09 February 2006

ACN: It's Egypt and Ivory Coast

We've not been covering the African Cup of Nations in much detail. That's mostly because we just can't see it. There's probably some way to watch it online, via a Saudi internet feed or something. But there aren't any broadcast options for the usual US viewer, and so paying attention is difficult.

Which is a shame because it's been a fascinating tournament. Africa as a region is probably more competitive than just about any other save Europe. The World Cup qualifying provided just the latest examples of this, since four of the five African qualifying teams are newcomers to the finals, while powers like Nigeria, Cameroon, and Senegal will stay home. So the ACN has provided a pre-WC reality check. Are the newcomers really that good? Are the older powers in such a decline?

The answers have been a bit mixed. The traditional powers have done reasonably well, but none are in the finals. Both Senegal and Nigeria lost in the semis, so they both came close. Cameroon lost in the quarterfinals, though it took penalties to make the difference. All three teams performed well and went out by thin margins. The only real disappointment is South Africa; they lost all three of their group games without scoring once. South Africa is hosting the World Cup Finals in 2010, and they'll have a lot of work to do to make the team respectable before then.

The World Cup teams have been mixed too. Leading the disappointments is Togo, with losses to DR Congo, Cameroon, and Angola in the group stage. Ghana only had one win, but that was over Senegal; they lost to Zimbabwe and Nigeria. But they only missed the quarterfinals due to goal differential, so they might chalk it up to a tough group. Angola had four points, from the win over Togo and a goalless draw with DR Congo. They too lost out due to goal differential. Tunisia, like Cameroon, made it to the quarterfinals, and only lost to Nigeria on penalties.

Ivory Coast has been the big winner. They went through the group stages with little trouble, winning over Morocco and Libya and losing only to Egypt. They followed that with wins over Cameroon in the quarterfinals and Nigeria in the semifinals. The team has been impressive, and Yaya Toure (Kolo's little brother) has had a real introduction to the world stage. He'll be leaving Olympiakos for a big club this summer; the only question is which club.

Ivory Coast will be facing Egypt in the finals. Egypt have been a real surprise in the ACN, probably due to thier status as the host team. In particular, there were elements of controversy in their semifinal win over Senegal. In the 90th minute, with Egypt leading 2-1, Ibrahim Said took down Diomansy Kamara in the box. The referee ignored the incident, signaling a goal kick. Commentators have speculated that the referee feared to whistle a hugely unpopular penalty among a rabid home crowd (the match was played in Cairo). Further controversy has broken out after the match, as the team has suspended Mido from the squad. He was subbed out of the Senegal match at 79', and reacted by furiously berating coach Hassan Shehata. Shehata responded by sending Mido back to London. The irony is that Mido's replacement, Zaki, quickly scored the goal that put Egypt on top.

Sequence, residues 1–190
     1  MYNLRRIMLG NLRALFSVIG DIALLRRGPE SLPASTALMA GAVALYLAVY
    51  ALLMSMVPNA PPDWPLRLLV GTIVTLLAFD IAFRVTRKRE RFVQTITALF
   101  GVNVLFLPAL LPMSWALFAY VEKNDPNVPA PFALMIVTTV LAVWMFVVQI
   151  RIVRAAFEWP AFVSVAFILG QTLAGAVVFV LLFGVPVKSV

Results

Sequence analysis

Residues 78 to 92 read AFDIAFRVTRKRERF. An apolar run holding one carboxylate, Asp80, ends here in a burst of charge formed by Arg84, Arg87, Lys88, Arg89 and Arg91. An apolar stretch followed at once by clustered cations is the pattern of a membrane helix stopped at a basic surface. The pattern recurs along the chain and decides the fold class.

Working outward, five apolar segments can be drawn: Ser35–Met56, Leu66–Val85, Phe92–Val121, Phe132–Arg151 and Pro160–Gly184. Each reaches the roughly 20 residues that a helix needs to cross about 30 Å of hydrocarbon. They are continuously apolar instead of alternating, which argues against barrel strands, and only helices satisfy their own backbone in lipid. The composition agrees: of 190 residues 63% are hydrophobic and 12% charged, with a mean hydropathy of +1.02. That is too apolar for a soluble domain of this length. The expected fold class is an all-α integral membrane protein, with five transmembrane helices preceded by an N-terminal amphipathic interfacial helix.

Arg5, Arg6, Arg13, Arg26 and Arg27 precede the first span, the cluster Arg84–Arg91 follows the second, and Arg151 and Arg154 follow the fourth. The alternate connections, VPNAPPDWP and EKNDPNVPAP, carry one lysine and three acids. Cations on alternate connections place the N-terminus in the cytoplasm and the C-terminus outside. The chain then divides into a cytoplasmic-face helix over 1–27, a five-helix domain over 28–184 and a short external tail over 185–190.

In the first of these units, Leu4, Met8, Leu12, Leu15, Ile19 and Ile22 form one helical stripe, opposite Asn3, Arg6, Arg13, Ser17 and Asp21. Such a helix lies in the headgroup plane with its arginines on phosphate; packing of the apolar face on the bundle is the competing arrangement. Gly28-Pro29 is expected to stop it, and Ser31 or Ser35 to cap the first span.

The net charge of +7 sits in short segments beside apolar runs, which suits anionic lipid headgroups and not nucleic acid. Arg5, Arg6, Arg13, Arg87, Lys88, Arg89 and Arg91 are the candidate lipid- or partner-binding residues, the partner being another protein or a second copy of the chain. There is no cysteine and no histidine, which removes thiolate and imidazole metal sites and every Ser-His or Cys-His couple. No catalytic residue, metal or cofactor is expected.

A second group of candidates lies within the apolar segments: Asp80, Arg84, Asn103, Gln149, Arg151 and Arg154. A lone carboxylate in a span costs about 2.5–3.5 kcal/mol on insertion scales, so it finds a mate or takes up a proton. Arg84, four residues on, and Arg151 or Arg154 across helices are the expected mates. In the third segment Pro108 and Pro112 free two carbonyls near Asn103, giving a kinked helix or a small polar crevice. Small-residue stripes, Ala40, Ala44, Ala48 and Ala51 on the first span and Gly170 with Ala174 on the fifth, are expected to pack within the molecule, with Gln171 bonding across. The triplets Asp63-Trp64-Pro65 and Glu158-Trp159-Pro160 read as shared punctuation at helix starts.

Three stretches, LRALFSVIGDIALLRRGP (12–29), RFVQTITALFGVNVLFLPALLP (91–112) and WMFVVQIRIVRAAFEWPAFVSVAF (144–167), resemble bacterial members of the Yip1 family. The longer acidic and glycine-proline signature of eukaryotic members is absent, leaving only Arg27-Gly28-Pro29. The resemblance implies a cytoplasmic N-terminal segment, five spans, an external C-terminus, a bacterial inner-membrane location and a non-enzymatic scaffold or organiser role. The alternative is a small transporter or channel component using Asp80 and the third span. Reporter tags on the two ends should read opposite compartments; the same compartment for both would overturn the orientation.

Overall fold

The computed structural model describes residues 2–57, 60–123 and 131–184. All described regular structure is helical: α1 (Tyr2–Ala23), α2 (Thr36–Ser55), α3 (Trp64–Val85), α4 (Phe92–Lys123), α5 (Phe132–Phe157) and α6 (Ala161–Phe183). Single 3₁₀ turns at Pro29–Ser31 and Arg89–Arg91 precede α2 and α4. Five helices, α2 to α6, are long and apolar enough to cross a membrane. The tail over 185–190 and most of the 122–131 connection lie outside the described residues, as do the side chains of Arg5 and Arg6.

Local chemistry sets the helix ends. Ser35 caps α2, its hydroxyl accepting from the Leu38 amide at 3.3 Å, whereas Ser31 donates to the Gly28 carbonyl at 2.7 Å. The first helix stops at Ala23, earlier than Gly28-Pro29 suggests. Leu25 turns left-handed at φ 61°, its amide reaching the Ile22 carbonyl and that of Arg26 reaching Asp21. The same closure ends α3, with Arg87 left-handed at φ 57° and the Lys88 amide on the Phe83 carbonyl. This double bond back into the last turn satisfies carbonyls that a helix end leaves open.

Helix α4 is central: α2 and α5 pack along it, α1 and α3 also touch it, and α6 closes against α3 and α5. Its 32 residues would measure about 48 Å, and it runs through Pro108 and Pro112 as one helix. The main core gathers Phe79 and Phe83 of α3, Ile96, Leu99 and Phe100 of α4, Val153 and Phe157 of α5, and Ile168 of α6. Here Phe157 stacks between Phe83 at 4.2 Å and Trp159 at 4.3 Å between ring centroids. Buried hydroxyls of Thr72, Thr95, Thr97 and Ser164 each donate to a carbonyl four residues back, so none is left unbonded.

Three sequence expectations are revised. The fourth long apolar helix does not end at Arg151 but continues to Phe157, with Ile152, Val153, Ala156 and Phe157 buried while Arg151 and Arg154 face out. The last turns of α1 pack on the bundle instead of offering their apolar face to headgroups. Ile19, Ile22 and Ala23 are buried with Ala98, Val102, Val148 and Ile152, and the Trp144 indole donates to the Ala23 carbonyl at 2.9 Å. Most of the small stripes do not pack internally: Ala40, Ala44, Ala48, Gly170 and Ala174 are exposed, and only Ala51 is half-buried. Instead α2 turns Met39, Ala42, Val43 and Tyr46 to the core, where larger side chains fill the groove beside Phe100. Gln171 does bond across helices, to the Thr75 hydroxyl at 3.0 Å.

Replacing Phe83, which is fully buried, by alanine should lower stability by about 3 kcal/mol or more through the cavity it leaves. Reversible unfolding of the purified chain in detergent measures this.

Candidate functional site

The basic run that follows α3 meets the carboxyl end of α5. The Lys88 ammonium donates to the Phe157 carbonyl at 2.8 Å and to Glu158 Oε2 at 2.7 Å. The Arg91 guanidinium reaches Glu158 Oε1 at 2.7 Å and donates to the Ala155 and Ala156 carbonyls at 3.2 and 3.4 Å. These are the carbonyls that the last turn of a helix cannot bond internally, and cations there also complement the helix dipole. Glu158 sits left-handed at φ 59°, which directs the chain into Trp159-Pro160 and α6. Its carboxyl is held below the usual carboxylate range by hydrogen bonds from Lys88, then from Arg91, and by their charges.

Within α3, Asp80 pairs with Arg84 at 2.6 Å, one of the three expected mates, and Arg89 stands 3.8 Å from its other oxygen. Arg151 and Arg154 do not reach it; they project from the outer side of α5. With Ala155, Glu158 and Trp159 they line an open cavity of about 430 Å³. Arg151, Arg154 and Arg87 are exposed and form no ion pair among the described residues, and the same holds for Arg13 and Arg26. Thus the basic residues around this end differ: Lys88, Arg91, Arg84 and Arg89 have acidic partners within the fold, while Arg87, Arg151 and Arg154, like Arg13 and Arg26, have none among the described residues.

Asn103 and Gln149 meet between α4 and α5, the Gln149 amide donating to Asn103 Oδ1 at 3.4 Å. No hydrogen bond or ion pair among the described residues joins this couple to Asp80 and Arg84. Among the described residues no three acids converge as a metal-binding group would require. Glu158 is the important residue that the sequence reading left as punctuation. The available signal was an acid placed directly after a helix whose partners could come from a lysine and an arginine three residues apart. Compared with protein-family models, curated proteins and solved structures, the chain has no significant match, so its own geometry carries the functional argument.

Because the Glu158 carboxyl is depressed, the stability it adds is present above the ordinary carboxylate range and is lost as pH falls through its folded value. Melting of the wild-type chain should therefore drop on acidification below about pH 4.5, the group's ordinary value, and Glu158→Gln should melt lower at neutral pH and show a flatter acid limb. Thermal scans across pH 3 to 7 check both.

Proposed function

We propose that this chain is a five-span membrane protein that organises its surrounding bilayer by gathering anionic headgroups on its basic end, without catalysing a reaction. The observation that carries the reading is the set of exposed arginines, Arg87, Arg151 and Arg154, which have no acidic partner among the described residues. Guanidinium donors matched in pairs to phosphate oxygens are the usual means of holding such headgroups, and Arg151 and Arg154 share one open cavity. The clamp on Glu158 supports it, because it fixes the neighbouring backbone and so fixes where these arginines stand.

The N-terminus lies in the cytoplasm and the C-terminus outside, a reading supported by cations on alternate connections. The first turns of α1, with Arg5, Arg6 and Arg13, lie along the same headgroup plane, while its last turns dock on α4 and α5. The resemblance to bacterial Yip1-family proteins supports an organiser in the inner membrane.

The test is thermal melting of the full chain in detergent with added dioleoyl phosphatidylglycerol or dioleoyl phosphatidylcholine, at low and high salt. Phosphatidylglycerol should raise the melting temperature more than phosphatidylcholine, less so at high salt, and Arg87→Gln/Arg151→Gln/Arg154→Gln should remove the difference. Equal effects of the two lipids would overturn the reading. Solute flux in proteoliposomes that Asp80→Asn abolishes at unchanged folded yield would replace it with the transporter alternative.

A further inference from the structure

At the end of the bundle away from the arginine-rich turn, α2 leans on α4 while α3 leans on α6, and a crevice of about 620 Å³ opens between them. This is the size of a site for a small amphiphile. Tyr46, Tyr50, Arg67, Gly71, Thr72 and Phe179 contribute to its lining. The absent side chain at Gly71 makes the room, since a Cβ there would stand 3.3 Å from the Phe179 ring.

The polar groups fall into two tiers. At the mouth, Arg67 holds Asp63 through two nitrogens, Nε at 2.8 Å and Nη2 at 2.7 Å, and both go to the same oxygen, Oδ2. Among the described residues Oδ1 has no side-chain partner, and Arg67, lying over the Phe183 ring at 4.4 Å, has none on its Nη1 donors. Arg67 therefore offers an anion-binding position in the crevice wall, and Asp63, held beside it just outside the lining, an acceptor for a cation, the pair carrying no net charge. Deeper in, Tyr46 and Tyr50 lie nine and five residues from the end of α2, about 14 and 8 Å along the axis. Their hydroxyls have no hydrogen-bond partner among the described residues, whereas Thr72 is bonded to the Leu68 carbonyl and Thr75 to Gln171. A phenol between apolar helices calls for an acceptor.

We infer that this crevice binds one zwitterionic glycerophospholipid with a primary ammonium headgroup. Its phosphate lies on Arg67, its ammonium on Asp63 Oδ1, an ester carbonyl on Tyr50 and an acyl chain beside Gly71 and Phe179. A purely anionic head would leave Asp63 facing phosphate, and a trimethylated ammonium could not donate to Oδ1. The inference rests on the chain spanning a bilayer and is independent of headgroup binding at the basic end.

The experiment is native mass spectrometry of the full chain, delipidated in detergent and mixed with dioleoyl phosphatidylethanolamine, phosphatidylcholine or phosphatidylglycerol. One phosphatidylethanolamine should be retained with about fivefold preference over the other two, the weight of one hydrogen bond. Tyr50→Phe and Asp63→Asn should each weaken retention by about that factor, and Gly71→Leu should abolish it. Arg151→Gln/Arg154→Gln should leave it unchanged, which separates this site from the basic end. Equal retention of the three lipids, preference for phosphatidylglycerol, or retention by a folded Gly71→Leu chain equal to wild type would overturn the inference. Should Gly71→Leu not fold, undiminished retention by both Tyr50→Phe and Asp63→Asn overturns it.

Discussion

The contoversy has stained an otherwise impressive run by Egypt. Despite the home-field advantage, they were not a prime candidate to reach the finals. Yet they impressively won their group, with wins over Libya and Ivory Coast and a draw with Morocco. They easily handled DR Congo in the quarterfinals, winning 4-1, and followed that with the win over Senegal. It's been a quality run through the tournament, and it's unfortunate that it may be remembered for one dodgy refereeing decision.

The pointless third-place match is today, as Nigeria take on Senegal. Then the final will take place on Friday, as Egypt and Ivory Coast square off. The final is a rematch of the group-stage match, which Egypt won 3-1. That match may be a bit decpetive, as Ivory Coast had already qualified for the knockout rounds and rested key players. It's disappointing that US viewers won't be able to see the match, unless they have 3A Telesud (French commentary) or ART Global America (Arabic commentary) via the DISH Network. I may have to do some Googling to see if there's a live broadcast I can find.

And who am I rooting for? Until now, I've been hoping for Ivory Coast to lose, so that Kolo Toure and Emmanuel Eboue can return to the depleted Arsenal back line ASAP. But now that they're in the finals, I'll be pulling for them all the way. I'm no fan of Didier Drogba, and it pains me a bit to root for his team. But Kolo is an absolute favorite of mine, and I'd love to see him take home some hardware. We'll see what happens.

Great post. As for watching these and other matches, those wonderful folks at Big Soccer have some tips getting access to a stream. There's an entire community devoted to discovering and sharing information on soccer streams. I love the web!
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